To represent what future climate change means, it is possible to use the method of climate analogs. This involves determining a place today with a climate comparable to that predicted at the end of the century. A study Kopf (2008) did this work for the city of Paris as well as other European capitals.
Thus, in the scenario of the Hadley Center (climate center based in England), the climate of Paris between 2070 and 2100 strongly resembles the current climate of Badajoz near Cordoba, capital of Extremadura in the southwest of Spain, characterized by hot and arid summers ”. Comparing these two cities makes it easier to imagine what an increase of 4 ° C represents in terms of modification of living conditions, in terms of adaptation of town planning, housing architecture, energy system, water management.
However, this exercise deserves to be carried out using different climate models, which was done in this study. Figure 3 below illustrates where the best analogs are placed for nine European cities. We can still see that the results of the three simulations are very contrasting: the range of possible futures for Paris is still very open, from the climate of Badajoz to that of the Baltic countries via Rome. The exercise could be multiplied by studying other emission scenarios and other models, but the message is already clear: climates will change significantly, although we cannot predict how yet.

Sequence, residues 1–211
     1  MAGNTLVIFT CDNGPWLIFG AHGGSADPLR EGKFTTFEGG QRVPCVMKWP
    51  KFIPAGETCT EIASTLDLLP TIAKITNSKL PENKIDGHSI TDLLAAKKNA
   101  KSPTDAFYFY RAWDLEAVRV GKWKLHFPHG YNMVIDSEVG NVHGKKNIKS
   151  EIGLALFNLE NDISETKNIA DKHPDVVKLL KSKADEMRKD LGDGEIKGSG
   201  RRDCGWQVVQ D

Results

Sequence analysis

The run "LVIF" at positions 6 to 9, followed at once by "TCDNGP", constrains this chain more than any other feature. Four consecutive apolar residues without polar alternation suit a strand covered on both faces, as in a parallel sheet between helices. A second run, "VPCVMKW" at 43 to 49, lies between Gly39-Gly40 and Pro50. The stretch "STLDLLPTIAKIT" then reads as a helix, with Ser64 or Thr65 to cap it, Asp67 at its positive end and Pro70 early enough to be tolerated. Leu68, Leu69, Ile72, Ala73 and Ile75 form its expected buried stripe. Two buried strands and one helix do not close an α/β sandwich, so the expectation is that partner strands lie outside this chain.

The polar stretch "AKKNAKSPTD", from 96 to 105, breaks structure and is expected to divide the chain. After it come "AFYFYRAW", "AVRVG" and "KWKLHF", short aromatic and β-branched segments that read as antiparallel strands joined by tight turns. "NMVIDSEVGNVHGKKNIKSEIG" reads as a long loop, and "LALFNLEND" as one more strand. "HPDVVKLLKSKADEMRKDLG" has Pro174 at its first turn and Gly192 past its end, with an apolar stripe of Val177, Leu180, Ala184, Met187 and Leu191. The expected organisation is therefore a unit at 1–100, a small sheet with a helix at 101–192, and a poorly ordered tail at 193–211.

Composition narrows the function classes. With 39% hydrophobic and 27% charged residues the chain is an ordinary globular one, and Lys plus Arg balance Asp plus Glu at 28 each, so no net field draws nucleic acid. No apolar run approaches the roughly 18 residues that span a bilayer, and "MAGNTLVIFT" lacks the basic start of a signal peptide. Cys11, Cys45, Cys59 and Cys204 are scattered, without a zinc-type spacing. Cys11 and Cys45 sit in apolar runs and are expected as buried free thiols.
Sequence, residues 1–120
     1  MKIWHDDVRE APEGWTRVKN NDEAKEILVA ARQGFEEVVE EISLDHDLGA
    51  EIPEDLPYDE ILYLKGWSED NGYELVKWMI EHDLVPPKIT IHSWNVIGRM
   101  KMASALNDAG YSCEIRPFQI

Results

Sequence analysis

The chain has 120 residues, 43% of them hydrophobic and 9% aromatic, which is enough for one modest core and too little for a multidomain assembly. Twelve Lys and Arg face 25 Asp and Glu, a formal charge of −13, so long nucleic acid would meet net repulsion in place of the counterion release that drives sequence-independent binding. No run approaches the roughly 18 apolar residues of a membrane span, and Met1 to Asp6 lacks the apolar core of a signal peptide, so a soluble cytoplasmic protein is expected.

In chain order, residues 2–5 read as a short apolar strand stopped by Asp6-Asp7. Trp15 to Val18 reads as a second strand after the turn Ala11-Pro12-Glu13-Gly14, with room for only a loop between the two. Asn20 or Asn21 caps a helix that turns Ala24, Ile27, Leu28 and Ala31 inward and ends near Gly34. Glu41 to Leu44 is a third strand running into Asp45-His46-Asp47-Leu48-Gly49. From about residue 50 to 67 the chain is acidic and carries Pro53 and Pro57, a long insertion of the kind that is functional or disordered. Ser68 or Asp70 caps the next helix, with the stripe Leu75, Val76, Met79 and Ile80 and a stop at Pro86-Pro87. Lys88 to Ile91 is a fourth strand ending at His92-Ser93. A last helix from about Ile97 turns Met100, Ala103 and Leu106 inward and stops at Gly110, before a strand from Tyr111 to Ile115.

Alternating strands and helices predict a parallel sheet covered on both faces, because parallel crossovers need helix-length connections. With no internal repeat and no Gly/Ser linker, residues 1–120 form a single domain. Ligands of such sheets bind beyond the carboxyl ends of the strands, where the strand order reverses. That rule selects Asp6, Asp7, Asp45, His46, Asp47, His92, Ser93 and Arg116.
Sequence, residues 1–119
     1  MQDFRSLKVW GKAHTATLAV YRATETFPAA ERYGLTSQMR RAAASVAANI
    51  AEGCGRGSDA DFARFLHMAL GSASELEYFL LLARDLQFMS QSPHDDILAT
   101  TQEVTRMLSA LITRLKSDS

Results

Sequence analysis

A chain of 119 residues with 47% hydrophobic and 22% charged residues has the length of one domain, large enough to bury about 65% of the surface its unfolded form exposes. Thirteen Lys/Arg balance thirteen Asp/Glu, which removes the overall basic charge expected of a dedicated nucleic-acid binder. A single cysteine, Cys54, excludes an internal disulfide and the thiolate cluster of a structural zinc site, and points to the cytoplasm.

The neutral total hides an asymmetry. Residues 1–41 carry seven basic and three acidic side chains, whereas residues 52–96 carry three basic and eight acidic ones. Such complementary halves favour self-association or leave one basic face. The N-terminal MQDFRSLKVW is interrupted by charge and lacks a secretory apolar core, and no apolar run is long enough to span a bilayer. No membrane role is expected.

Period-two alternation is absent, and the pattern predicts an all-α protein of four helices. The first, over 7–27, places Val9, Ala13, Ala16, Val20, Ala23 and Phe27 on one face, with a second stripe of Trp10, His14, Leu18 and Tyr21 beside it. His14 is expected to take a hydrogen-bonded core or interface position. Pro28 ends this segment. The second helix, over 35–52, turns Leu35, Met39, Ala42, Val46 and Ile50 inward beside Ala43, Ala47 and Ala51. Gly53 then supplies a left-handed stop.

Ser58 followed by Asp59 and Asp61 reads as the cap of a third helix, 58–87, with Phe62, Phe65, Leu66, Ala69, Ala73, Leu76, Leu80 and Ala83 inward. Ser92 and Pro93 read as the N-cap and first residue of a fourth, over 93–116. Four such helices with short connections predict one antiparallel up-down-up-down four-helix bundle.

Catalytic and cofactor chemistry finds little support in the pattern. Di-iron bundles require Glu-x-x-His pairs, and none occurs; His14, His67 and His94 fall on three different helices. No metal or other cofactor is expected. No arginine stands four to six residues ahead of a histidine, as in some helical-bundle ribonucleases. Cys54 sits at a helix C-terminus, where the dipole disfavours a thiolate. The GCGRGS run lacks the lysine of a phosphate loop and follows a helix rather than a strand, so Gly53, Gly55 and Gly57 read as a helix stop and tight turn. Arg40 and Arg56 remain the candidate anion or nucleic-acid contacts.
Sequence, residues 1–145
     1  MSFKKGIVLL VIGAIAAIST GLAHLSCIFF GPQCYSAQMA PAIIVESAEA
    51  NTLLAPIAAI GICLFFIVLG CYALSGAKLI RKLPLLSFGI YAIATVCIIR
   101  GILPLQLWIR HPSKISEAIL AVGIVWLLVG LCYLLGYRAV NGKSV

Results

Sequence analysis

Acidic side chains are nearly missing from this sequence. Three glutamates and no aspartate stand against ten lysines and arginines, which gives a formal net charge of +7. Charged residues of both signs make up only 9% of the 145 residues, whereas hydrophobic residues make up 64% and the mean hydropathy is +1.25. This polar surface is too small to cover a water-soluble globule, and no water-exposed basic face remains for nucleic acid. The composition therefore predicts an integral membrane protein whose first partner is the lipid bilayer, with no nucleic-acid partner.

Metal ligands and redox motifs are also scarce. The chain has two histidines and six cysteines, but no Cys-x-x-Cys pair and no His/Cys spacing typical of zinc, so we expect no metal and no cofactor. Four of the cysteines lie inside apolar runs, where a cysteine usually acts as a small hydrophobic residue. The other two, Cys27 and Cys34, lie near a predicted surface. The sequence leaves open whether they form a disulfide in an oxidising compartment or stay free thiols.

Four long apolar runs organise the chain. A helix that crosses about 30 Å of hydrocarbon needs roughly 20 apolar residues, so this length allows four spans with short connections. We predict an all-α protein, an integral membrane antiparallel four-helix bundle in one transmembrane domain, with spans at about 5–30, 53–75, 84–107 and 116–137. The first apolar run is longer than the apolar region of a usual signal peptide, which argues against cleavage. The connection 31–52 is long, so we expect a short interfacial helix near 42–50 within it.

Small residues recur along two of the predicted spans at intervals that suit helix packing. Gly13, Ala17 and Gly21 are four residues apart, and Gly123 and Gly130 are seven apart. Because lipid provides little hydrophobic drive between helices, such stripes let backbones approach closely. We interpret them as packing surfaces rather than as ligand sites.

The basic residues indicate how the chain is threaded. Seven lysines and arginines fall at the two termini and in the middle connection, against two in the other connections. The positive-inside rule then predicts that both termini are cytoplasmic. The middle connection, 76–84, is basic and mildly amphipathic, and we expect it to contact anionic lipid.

More recently, researchers from Université de Zurich (Suitzerland) studied the climate of 520 major cities around the world, using 19 variables including temperature and precipitation. They announce that major changes in weather conditions: Paris will look like Canberra (Australia) while London will experience the summer temperatures of the city of Madrid. For these estimates, scientists used deliberately optimistic models, that is, models that assume that carbon dioxide emissions will stabilize by the middle of the century, so as to limit the rise in the mean temperature of the globe at 1.4 ° C compared to the pre-industrial period. The team then compared the Paris, London, Stockholm ... of the future to current cities, with the aim of making the changes to come more tangible. The cities of the northern hemisphere will resemble in 2050, in climatic terms, those of today which are 1,000 km to the south. Those located at the equator will not experience major warming, but on the other hand, they will have more droughts and rains.